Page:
By Dr. John R. TalburtBig data tools are key pieces of marketing technology in all corporate environments today. This has become so as the use cases for big data have changed and grown along with their potential. Now that this paradigm has clearly shifted, it is just as important to understand where it is going and where it came from, because it is here to stay.
1) Processing Big Data
In the beginning, Big Data tools were invented because some companies really needed to process big data, like all of the webpages on the Internet. As a result, Google brought forth Hadoop map/reduce that represented a new approach to distributed computing. There were already super computers, but they were also super expensive. Many organizations attempted to design parallel programming languages, but these were really hard to learn and use because programmers generally think of algorithms in a sequential way, not in a parallel one.
“Thread safety” is still an alien concept for most of us. Hadoop avoided all of this by letting programmers continue to write sequential style code (Java in this case), while under the covers it took care of the internal steps necessary to distribute the data and the code across machines. This was the first use case for big data, a way to process really big datasets on relatively inexpensive computers without having to have a PhD in parallel processing.
2) Analyzing Internal Big Data
Once other companies started learning how to use this new technology to process large data sets, it became apparent that this could create a competitive advantage for them. It was sort of like a data warehouse on steroids. Processing bigger data could result in deeper insights. In highly competitive markets, even marginal improvements in business intelligence can result in huge gains. So even if you weren’t faced with processing every webpage on the Internet, if you still had the capability to analyze a billion transactions over ten years instead of only a million transactions over a few months, it could be an advantage. So the second use case for big data was the idea of deeper insights through analytics.
An interesting artifact of the first two use cases is that they gave the term “data science” two different meanings, one for each use case.
Some view data scientists as those who understand and are able to employ the big data tools, more on the IT side from the first use case. Others expect data scientists to be experts in analytics and modeling, conversant with such things as inferential statistics and machine learning, a reflection of the second use case. Now, data scientists are being called on to even more evolved roles inside organizations, as noted by the appointment of the United States’ first Chief Data Scientist.
3) Analyzing Unstructured Big Data
Just as the new big data processing paradigm opened the door to the widespread use of distributed and parallel computing for processing large data sets, the same technology supports the large-scale, online interactive networks that have popularized social media. Due to the popularity of such sites, social media has produced an immense amount of a new kind of unstructured data called “user-generated data.”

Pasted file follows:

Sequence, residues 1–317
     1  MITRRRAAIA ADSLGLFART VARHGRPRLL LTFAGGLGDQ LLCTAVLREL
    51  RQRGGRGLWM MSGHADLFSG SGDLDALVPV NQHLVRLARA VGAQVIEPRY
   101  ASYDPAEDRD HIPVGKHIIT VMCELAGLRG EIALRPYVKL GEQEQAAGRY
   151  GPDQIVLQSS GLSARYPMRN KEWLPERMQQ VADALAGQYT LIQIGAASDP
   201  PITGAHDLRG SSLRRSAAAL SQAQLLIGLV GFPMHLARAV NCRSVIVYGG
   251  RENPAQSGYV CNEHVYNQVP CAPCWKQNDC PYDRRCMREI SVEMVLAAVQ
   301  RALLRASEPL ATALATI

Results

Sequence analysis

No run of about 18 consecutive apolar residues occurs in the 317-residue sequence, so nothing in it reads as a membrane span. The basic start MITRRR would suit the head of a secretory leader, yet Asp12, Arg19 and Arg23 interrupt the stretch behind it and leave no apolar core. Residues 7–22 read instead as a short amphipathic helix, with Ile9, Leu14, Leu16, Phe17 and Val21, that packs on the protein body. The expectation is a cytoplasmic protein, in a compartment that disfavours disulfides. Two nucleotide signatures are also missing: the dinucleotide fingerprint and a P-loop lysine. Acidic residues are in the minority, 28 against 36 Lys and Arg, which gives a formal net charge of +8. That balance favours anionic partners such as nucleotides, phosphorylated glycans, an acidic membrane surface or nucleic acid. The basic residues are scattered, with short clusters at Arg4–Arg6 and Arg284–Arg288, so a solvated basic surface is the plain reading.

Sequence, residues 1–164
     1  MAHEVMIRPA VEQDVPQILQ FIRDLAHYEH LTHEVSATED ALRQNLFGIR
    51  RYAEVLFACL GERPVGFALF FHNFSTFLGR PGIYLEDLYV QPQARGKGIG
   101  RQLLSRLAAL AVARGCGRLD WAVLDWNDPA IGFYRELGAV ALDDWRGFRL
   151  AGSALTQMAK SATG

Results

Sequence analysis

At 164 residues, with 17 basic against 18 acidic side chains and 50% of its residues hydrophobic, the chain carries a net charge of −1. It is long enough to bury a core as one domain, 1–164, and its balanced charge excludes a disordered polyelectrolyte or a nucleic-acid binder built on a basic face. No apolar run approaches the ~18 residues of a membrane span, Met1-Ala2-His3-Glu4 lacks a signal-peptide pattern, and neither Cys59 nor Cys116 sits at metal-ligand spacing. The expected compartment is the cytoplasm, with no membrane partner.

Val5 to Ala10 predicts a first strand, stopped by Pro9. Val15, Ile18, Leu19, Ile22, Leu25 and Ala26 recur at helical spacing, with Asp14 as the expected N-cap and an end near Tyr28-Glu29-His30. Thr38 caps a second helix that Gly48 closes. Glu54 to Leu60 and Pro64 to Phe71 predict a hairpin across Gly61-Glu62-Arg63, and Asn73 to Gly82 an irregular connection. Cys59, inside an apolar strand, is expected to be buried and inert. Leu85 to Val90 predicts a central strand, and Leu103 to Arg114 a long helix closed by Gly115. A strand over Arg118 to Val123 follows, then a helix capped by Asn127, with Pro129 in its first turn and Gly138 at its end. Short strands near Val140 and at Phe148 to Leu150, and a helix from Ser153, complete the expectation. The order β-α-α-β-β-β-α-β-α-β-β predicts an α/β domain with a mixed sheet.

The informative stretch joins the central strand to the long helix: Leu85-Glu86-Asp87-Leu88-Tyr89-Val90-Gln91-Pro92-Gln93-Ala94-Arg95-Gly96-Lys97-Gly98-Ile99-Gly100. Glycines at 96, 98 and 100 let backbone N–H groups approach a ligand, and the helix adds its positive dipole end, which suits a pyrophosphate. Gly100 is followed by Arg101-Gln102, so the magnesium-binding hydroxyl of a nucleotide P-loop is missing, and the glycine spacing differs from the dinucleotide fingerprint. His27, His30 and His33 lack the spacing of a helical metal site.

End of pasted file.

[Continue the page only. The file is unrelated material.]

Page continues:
Even though unstructured data is not new, traditional unstructured data such as reports, emails, and contracts are for a specific use and recipient. However, social media users generate data that is much less pragmatic. Users often express a multitude of ideas, thoughts, opinions, and random status updates that are not nearly so purposeful. Nevertheless, companies are feverishly attempting to mine this data for customer insights to understand consumer intent. This is the third use case, joining unstructured social media with traditional structured data to create improve marketing and customer relations.
4) Using Big Data as the New IT
The fourth use case is more of an emergent property not directly related to a specific business problem. It is simply that the new big data tools have created a more attractive paradigm for data processing than the traditional approach anchored in relational database management systems (RDBMS). In the new paradigm, data is ingested first, then models, structure, and data cleansing are imposed later. This is quite different from starting with an abstract schema, then forcing the incoming data to first be structured and cleansed to fit the schema.
Another significant change is the idea of letting middleware move processes (programs) to the data, rather than writing applications that move the data to processes. These paradigms have unburdened computing from overhead such as relational database normalization, data typing, and parallel coding that are legacies of performance optimization and storage conservation. The bottom line is that the big data processing paradigm will soon become the norm for IT shops. Traditional client-server RDBMS tools will begin to recess into a supporting role rather than being the driver for most applications. This will hold true with or without big data, simply because the new approach is simply too compelling.
For more information about how big data tools can help your company, contact Black Oak Analytics at 501-379-8008.